Aflatoxin contamination in dairy cows: Beyond dumping milk

Russell Pate and Dr. Phil Cardoso
November, 2018

Aflatoxins are a type of mycotoxin produced by fungi that can grow on feedstuffs such
as corn grain, corn silage, and cottonseed. Because of its cancer-causing properties in humans, the FDA has strictly limited the allowable aflatoxin concentrations in dairy cattle rations to 20 ppb. Additionally, milk sold for human consumption must have an aflatoxin concentration below 0.5 ppb, meaning that any load of milk testing above that threshold will be rejected by the milk processor! Aflatoxin contamination can thus cause great economic harm to producers.

Consequently, farmers often implement pre-harvest strategies to minimize mycotoxin appearance in their feed. However, despite these mitigation practices, problems with aflatoxins can still pop up in the feed bunk and wreak havoc.

Furthermore, the effects of aflatoxins reach beyond just the bulk tank. In fact, aflatoxins can cause a host of issues within the dairy cow that often go unnoticed. Aflatoxins may cause dairy cattle to become lethargic and can decrease feed intake, feed efficiency, and milk production. For instance, a recent study from our group reported a reduction in feed efficiency for energy corrected milk (ECM/DMI) from 1.46 to 1.18 when post-peak lactation cows were given aflatoxin-contaminated corn grain. Aflatoxins also contribute to a host of reproductive disorders, such as abortions and fetal damage.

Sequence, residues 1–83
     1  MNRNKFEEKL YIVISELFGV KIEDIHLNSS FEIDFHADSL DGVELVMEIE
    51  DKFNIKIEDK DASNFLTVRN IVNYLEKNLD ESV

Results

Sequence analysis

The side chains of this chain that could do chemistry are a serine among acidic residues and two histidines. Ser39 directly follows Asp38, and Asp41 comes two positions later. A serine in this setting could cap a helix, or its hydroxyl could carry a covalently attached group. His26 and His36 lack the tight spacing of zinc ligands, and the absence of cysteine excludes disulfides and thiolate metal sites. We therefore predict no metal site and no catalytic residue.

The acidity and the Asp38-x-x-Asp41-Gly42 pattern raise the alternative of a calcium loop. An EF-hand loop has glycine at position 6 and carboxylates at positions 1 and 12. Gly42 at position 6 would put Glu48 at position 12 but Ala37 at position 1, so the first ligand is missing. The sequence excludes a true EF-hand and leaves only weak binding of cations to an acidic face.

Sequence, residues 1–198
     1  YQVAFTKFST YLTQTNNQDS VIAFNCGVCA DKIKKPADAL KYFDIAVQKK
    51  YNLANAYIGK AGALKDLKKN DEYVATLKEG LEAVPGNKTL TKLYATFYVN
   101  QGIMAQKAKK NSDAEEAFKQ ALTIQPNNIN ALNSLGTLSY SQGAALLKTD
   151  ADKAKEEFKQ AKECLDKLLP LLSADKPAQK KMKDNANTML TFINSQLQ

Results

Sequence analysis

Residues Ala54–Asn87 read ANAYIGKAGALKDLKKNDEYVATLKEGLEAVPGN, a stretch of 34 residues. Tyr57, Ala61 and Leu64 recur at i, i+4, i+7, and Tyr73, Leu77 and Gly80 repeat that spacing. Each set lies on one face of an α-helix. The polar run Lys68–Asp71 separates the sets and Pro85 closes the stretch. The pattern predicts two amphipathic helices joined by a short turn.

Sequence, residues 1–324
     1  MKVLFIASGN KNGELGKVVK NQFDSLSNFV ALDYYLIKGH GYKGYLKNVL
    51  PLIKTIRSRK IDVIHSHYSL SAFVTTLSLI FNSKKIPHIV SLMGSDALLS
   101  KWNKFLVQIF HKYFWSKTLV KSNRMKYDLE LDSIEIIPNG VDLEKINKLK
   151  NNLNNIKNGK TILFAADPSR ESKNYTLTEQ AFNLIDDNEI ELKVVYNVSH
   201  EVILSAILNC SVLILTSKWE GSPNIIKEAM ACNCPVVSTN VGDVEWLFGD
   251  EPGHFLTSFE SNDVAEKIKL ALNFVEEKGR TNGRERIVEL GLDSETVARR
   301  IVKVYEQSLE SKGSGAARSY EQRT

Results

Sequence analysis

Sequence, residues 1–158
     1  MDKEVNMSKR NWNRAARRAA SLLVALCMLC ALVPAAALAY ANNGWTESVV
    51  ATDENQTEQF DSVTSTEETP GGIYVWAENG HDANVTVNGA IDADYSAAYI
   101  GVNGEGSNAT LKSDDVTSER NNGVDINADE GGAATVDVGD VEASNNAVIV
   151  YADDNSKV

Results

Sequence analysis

Aflatoxins are toxic to dairy cows, specifically to the liver, and can cause inflammatory responses as well as compromise the cow’s immune system. Aflatoxins have been found to alter certain blood parameters associated with inflammation and immune stress, such as blood cholesterol, albumin, and betahydroxybutyrate (BHB). Additionally, production of enzymes associated with detoxification may be negatively affected when cows are exposed to aflatoxin.

With an increased interest among producers in the link between immune health and performance and longevity in dairy herds, more research has been conducted to study the immunological effects of aflatoxins in dairy cows. Recent research from our group has sought to find a connection between aflatoxin contamination and immune health while also finding methods to alleviate inflammation and immune stress when cows experience aflatoxin contamination in their feed.